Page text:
The Samsung YP-P3 ($149 for 8GB) builds upon the success of the Samsung YP-P2, which was a very solid portable media player that delivered excellent audio, a responsive touchscreen, and stereo Bluetooth connectivity (for placing and taking calls with a Bluetooth-enabled phone) to push the device past the “iPod touch wannabe” status. Its update, with a slicker design, text-to-speech capabilities, a haptics-enabled touchscreen, and a wallet-friendly price, solidifies this PMP as the best Samsung has yet produced—and one of the best values on the market.
Slick Hardware and Touchscreen
At 4.0 x 2.1 x 0.4 inches, the P3 has a smaller footprint than the 4.3 x 2.4 x 0.3-inch Apple iPod touch, which makes it more pocket-friendly than its rival. Much like its predecessor, the P3 sports a nearly all-black design, and ditches the shiny plastic build of the P2 for one that’s far more attractive. The face has a soft-touch matte finish that provides traction when you hold it, and the back is a smooth brushed metal.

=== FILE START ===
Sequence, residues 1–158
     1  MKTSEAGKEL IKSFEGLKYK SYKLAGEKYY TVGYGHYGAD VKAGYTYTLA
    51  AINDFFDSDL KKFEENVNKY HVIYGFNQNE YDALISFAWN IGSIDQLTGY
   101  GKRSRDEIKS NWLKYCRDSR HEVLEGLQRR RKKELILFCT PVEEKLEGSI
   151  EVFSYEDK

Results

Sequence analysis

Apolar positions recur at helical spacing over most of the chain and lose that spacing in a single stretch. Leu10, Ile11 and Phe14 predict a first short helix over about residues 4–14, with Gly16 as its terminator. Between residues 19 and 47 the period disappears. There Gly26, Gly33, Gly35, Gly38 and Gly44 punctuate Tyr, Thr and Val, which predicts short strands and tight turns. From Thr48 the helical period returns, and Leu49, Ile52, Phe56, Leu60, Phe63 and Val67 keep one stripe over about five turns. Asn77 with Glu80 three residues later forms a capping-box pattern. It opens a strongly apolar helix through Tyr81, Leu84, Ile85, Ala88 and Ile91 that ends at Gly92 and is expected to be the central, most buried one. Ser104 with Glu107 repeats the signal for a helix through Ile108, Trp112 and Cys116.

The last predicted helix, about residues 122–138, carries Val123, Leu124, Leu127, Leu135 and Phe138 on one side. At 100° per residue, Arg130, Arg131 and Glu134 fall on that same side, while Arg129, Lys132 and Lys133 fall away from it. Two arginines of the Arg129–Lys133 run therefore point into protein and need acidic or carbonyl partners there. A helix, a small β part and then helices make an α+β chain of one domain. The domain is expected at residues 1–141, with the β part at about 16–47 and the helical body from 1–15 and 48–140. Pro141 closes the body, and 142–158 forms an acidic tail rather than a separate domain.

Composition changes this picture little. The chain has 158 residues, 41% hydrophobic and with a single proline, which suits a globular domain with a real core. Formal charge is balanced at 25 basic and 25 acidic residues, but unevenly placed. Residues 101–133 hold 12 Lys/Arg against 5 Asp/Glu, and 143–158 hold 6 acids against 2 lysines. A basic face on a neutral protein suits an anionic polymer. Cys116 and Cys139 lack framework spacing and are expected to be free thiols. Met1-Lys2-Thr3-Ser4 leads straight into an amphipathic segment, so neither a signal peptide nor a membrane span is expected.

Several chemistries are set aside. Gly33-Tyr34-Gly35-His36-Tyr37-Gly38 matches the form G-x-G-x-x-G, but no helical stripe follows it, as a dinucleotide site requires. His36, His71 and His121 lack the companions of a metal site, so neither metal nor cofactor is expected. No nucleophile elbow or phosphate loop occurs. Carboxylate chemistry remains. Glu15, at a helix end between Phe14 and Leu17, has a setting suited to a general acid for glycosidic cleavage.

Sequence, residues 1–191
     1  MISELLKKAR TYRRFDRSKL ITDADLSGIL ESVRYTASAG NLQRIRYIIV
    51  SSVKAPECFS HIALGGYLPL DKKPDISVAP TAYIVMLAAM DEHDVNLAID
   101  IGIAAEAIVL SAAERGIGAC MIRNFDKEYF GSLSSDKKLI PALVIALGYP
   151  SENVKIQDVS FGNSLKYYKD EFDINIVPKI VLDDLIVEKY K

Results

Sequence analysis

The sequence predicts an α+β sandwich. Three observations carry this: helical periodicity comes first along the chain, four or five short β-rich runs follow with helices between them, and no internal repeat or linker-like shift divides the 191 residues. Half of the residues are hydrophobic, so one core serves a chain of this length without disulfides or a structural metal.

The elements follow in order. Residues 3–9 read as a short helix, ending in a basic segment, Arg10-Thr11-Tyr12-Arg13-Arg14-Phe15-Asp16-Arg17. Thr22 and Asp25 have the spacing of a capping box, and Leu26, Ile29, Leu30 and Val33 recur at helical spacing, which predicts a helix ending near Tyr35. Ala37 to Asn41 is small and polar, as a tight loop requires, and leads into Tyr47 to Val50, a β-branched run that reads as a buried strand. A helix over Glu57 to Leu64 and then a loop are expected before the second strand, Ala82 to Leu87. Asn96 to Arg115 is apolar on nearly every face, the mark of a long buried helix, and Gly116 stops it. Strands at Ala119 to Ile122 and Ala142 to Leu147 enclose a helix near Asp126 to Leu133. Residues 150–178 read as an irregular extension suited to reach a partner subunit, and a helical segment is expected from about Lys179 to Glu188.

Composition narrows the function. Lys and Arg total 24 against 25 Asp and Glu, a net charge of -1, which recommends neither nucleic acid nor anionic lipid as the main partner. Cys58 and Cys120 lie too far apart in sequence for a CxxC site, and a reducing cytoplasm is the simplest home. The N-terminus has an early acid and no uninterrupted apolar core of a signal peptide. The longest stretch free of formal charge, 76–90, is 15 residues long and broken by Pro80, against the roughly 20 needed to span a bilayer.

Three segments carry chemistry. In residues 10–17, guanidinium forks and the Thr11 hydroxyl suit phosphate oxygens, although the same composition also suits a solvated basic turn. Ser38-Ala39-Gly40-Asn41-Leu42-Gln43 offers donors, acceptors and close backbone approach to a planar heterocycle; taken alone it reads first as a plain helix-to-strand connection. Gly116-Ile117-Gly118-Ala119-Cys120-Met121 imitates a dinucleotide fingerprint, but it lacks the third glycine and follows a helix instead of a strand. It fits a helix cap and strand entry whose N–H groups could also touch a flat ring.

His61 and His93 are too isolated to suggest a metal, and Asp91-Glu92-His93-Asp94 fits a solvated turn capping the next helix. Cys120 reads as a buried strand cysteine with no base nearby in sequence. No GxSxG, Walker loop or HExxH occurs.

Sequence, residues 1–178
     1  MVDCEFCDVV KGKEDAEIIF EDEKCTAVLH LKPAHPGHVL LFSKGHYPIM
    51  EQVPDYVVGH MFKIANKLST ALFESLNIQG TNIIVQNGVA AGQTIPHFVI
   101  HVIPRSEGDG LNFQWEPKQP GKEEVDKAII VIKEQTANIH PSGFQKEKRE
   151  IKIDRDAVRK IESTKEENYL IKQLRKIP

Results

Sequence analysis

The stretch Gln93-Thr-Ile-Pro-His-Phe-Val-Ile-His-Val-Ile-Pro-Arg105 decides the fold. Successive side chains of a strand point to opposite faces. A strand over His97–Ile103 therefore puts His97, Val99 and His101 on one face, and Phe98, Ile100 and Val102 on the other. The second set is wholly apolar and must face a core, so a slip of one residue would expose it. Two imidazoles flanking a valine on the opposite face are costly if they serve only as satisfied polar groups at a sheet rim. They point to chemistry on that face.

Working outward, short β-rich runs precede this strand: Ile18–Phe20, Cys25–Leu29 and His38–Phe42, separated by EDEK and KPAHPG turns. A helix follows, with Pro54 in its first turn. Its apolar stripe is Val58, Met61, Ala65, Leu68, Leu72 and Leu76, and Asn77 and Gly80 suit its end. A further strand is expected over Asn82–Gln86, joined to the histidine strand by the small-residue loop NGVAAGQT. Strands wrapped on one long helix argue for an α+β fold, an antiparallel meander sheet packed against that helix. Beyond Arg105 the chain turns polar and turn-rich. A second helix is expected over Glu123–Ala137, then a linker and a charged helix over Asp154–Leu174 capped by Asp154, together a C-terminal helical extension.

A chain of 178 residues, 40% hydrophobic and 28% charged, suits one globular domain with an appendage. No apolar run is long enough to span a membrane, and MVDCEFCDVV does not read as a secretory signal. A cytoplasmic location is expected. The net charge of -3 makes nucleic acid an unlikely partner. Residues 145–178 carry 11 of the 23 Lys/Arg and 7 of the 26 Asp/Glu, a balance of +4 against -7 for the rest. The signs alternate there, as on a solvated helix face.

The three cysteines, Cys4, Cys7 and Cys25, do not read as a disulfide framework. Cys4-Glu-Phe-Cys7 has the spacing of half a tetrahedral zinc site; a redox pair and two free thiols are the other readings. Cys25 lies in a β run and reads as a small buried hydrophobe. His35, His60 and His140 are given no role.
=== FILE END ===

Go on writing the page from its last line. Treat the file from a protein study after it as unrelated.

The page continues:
The top of the player features two buttons (Power/hold and volume), and a speaker; the bottom contains Samsung’s proprietary USB connection port, a headphone jack, and a reset/mic port. We would have preferred the headphone jack on the top or the side of the device, with the volume controls on the side.
Touchscreen and Interface
At the heart of the P3 is a sharp 3-inch, 480 x 272-pixel resolution touchscreen with EmoTure haptic feedback. As soon as we powered on the player, a clock with bouncing digits beckoned us to experience the device’s haptic feedback. After tapping the clock, we were not only able to change the clock to correspond with our time zone, but also got the first taste of the haptic rumble that gives the touchscreen an extra tactile sensation.
We went on to explore the numerous widgets that reside on the desktop. When we pressed the lightbulb icon, for example, we could alter the brightness of the display. The P3 lacks an accelerometer, so the screen doesn’t reorient itself when you move the player from a vertical to a horizontal position.
Similar to the iPod touch, the desktop is divided into three areas that you can swipe. The center area features multimedia icons (music, video, photos, FM radio); on the right are handy utilities (address book, alarm, calculator, games, and podcasts); on the left are more tools—a subway map, and Sleep Cat (a kitten icon, which, when pressed, lets you set a time to put the screen in sleep mode). The interface isn’t all that difficult to master, but it looks and feels a little too hokey for our taste.